The Dazies are all about fun. This is the best time I’ve ever had playing music with a band because this is on my own terms. There’s no booking agent, no publicists, now throwing money at some bullshit potential pipedream. It’s just about a moment that’s fleeting always, but I can catch a few now. I really like when I do. It’s just absolutely amazing and inspiring. So there is no bummer on this EP, it’s admitting you’re a loser and finding other losers who understand. It’s a good party!

How’d these residency lineups come together?

Easiest thing I’ve ever done. I wrote a wish list and asked them all. They all said yes. Easy as that. I love all these folks so much, they inspire me endlessly.

Why did you pick the bands you did?

Playing music the last 10 years in Boston has just been amazing. The support I’ve always felt from folks is just at times world moving. These are all friends of mine. People I truly feel blessed to know, people who creatively & humanly inspire me to do better all the time and I don’t tell them that enough. I write tunes and then I ask all my friends to play show, etc. It’s just really great to have that kind of bond with people. We all love rock and roll so much that it always works out. But I have to admit that right now I’m very lucky to have the most kick ass band.

Are you concerned this is just too much rock for the Plough?

100% yes! But my great buddy — who has been such a great host and promoter as well as a fantastic musician and former Dazie himself for years upon years in Boston — Mr. Johnny Allen has assured me that if the roof blows off it’s all for the sake of a fantastic party!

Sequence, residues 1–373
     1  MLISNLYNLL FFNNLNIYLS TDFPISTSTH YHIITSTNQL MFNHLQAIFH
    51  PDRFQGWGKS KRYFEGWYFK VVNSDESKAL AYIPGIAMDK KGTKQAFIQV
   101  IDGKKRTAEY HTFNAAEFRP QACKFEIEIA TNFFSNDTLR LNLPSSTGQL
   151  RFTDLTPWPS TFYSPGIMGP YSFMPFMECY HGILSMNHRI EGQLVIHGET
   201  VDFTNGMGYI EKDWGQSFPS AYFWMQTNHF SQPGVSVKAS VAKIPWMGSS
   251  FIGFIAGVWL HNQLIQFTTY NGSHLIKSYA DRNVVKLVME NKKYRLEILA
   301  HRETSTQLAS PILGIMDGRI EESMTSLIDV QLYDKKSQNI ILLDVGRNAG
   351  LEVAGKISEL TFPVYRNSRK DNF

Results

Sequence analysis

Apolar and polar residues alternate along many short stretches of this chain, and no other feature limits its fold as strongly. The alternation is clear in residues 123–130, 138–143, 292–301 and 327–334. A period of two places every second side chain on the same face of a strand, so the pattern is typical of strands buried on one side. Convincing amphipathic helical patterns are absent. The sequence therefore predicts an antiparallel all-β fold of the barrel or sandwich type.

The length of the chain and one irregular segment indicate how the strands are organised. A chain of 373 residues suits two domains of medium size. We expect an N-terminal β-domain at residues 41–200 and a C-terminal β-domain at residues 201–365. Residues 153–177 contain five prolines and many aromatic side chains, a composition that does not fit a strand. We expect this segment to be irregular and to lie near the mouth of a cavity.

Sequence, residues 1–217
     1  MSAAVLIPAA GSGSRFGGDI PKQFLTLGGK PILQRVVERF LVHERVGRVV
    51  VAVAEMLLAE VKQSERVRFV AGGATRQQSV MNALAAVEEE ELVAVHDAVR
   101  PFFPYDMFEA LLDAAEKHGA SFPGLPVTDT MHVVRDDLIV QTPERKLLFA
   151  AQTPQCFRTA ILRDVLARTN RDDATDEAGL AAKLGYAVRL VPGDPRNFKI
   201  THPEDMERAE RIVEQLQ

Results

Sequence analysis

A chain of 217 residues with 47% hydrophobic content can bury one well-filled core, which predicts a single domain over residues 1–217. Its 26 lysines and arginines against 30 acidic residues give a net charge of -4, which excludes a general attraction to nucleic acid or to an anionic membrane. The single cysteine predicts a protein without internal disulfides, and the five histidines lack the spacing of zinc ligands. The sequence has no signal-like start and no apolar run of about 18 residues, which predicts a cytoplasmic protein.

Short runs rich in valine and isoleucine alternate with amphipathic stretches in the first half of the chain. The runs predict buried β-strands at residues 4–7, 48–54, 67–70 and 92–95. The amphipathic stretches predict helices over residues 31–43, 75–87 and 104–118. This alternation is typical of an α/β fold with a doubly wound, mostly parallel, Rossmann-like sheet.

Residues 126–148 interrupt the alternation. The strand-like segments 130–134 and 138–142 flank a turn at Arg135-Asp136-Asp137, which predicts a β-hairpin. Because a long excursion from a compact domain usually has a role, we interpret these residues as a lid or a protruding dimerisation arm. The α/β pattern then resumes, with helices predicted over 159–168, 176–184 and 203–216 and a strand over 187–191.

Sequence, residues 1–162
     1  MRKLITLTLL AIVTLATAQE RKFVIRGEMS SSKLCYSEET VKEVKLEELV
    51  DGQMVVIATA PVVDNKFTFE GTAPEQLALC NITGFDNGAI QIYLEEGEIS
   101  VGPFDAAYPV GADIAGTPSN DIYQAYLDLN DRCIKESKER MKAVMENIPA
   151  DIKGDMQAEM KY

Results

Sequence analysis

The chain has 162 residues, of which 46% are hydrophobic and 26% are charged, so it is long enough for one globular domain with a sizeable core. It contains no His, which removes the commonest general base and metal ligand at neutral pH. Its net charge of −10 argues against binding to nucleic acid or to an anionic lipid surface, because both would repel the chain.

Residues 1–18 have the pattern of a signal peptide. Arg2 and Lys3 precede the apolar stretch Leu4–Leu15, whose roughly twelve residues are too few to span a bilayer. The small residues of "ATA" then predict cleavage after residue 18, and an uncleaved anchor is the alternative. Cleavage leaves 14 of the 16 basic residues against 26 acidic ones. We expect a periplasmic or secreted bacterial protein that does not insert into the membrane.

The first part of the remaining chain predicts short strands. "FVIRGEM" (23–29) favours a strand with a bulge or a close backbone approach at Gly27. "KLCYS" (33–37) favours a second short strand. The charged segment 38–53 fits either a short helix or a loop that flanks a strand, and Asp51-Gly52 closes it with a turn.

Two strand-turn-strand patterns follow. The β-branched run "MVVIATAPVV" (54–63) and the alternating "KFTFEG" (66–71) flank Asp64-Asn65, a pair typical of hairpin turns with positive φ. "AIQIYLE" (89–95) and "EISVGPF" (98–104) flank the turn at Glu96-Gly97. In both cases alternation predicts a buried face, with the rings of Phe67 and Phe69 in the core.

Is there insurance for the potentially explosive performance of Evan Kenney of Dirty Bangs?

Evan, who now is an award-winning celebrity, requires much in advance. Bottles of boozes, un-opened records by The Dead Boys, MC5, Sam Cooke, Michael Jackson, the new Doug Tuttle record and of course his Furniture records, etc. But one thing his people so far have not asked for is insurance. I’ve heard rumors — rumors, mind you. That because his dance moves are so on point his feet are actually insured.

I don’t need to say this because everyone who knows the man and who has been in his company for more than 5 minutes will attest to two things: 1. He is just the sweetest, kindest most interested and interesting person you’ll ever meet maybe ever in your entire life. 2. Evan has a beautiful heart that bleeds rock and roll. It’d be impossible to leave a conversation with the man and not think to yourself, “Wow, I fucking love that guy”.

He quite literally made and single handedly gave The Dazies a shot to record not once, but twice at this amazing studio that is Rubber Tracks. So in honor of him, Sir David Minehan and Baines Kluxon who all helped steer The Dazies ship into Lovejoy Wharf I named the EP L O V E / J O Y in honor of our friendship. And because, what else is there room for in this world?

Dazies Residency